With the notable exception of Brutha of Small Gods, who is more spiritual than religious despite caring for an avatar of his God, none of the Point of View characters in the Discworld pay much attention to any of the Disc's many gods.
Although Moist von Lipwig does get minorly involved with several during one of his schemes to get the post office up and running.
Harry Dresden is not religious, despite working for archangels, being friends with holy knights on payroll from God Himself, and seeing how incredibly powerful faith can be. He is a direct inversion of the most common application of this trope — instead of being too heroic for silly little churches to bear his awesomeness and insight, he adores religion, but thinks he's not a good enough person to be associated with it.
Father Kienzle, of Robert Koessler's murder mystery series, lives a life largely of quiet faith, laughing at the more ridiculous rituals of the church and bending the rules where he feels it leads to a more harmonious conclusion.
Since Everworld is about kids from our world in a setting full of Physical Gods, the author decided to address some religious issues. April is staunchly Catholic, and Jalil is staunchly atheist; both simply refuse to believe that the super-powered beings they interact with are "gods" in any meaningful sense of the word. David and Christopher seem to fall into this trope, though we know David is ethnically half-Jewish. Senna is more complicated: she grew up when her mom was going through a Wicca phase, and presumably she went to church when she moved in with April's family, but for the most part, she only worships herself (and turns out to be running a cult).
Bill Adama from Battlestar Galactica (Reimagined) does not believe in the Gods. This leads him into conflict with President Roslin on several occasions. Adama's theological views evolve in the course of the series from atheist to non-religious believer.
Jeff, the main character of Community, is agnostic and opts for not talking about religion to keep the peace in the study group, whereas all other characters have relatively strong religious or atheistic beliefs:note Annie is Jewish, Abed is Muslim, Shirley Christian (specifically Baptist), Troy a Jehovah's Witness, Britta atheist, and Pierce belongs to a cult referred to as "Reformed Neo-Buddhism". "To me, religion is like Paul Rudd. I see the appeal and I would never take it away from anyone, but I would also never stand in line for it."
On Buffy the Vampire Slayer,Buffy uses crosses and holy water to fight vampires and demons, but never really ponders the religious implications of that. At one point a new vampire asks about the existence of God and she notes that she knows "nothing definite." (And this was after she'd been to Heaven.) The only legitimately religious characters on the show seem to be Willow and Tara, whose Wicca falls squarely into Religion is Magic territory, and villains (whether they worship demons, Glory or the First Evil).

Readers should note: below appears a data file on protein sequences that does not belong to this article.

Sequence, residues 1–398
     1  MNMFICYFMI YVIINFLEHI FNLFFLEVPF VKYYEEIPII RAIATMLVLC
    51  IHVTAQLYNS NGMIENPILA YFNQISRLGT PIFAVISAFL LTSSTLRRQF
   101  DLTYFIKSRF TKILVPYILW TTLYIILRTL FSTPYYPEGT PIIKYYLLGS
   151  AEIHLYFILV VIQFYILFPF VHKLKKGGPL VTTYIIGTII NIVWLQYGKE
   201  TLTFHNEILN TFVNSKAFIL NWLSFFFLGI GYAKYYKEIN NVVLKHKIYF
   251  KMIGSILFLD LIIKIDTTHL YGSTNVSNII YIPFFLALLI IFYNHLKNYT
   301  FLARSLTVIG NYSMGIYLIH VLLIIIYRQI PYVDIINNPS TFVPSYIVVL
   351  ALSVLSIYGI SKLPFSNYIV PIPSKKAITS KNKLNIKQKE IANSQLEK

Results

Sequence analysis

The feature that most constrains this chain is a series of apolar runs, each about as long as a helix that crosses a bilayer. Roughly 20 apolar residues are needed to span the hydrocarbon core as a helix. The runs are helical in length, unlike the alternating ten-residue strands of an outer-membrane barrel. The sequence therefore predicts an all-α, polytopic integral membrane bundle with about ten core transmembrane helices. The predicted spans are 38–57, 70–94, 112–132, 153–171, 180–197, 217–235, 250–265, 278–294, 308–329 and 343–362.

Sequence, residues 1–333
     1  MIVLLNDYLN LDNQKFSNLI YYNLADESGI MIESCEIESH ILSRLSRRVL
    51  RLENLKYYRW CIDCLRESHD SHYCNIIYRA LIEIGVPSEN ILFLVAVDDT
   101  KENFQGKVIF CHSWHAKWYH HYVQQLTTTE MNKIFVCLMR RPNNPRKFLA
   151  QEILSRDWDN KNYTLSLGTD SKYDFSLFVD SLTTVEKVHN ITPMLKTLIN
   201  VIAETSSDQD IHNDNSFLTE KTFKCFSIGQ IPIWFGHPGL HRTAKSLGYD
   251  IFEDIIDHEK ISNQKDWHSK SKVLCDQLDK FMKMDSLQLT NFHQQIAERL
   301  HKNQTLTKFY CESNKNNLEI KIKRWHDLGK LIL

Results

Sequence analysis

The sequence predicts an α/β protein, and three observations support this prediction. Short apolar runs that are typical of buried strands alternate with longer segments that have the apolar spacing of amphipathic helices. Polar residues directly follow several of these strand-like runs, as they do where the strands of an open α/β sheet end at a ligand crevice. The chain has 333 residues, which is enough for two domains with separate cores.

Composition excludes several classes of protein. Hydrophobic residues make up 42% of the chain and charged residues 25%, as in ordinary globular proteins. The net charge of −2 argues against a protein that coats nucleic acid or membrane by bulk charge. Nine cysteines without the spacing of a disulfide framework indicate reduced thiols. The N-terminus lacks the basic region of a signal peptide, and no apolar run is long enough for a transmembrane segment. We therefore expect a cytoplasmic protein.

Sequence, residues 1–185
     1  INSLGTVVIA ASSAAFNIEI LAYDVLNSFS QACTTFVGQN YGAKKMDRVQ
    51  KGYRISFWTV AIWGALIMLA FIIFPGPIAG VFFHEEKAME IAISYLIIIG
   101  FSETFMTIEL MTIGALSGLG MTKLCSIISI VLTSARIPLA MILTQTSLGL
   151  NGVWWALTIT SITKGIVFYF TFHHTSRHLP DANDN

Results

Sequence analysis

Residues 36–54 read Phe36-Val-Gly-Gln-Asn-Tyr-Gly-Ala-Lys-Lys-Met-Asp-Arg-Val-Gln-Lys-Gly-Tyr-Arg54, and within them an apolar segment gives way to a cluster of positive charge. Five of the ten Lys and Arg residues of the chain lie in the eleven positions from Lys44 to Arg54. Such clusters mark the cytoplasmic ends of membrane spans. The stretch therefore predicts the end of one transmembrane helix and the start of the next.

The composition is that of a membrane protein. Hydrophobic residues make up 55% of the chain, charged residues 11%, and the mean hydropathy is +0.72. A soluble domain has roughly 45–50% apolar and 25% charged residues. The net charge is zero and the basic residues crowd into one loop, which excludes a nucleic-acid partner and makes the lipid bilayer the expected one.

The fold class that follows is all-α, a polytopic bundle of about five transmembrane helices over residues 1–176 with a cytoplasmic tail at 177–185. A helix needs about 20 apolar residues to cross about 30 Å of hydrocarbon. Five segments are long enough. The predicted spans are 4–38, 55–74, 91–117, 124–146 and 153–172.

In Firefly, Shepherd Book is a Christian preacher, and Inara is apparently Buddhist. The other characters don't have a problem with an open display of religion, but Mal most definitely does. "You're welcome on my ship...God ain't." However, a flashback to the Battle of Serenity Valley has him kissing a cross for luck and expressing religious beliefs. It's heavily implied that due to the Browncoats losing the War, Mal has lost most of his faith and become very angryat God as a result.
Dragon Age II - While her late husband was a Church Militant, Aveline is the closet thing the game has to an agnostic and states that she married a man but not his religion. Sebastian, Carver, Bethany, and Anders are all Andrastians (though the latter two have issues with The Church), Fenris goes back and forth on how much stock he puts in religion, and Merill worships the old elf pantheon. Isabela comes one of the few non-Andrastian human nations and Varric is a surface dwarf who treats his race's ancestor worship with some irreverence.
Aveline: I have heard the Chant. It is lovely; perhaps that's all it needs to be.
Also from Bioware, Commander Shepard of Mass Effect will only have his/her religion established in one conversation with Ashley; your options range from expressing shared belief to respecting her right to her religion to straightforward mockery.
Sonozaki Shion of Higurashi no Naku Koro ni is a great example of this trope. She's sent to a Catholic school (against her will) and escapes, later on saying "If I stayed in a place like that, I'd either end up brainwashed or insane!" She also denies the existence of the village god, Oyashiro-sama on a lighter note.
Bureaucratic Deva: Let me ask you something. Why did you never consider becoming a cleric yourself? You have halfway decent Wisdom and Charisma scores, you could have pulled it off. Roy: Well, this is awkward to say, given where I am, but I've never really been that religious. I mean, I guess my mom raised me to worship the NorthernGods, but I always just figured as long as I don't actively offend any of them, they'd leave me alone.
One episode of Family Guy has Lois learn that her mother was originally Jewish. She experiments with the religion a bit, but ultimately concludes that she doesn't really care about either it or Christianity, despite the family being church-going in other episodes. (Of course, this was a later episode, so whether we can call any of the Griffins "heroes" is arguable.)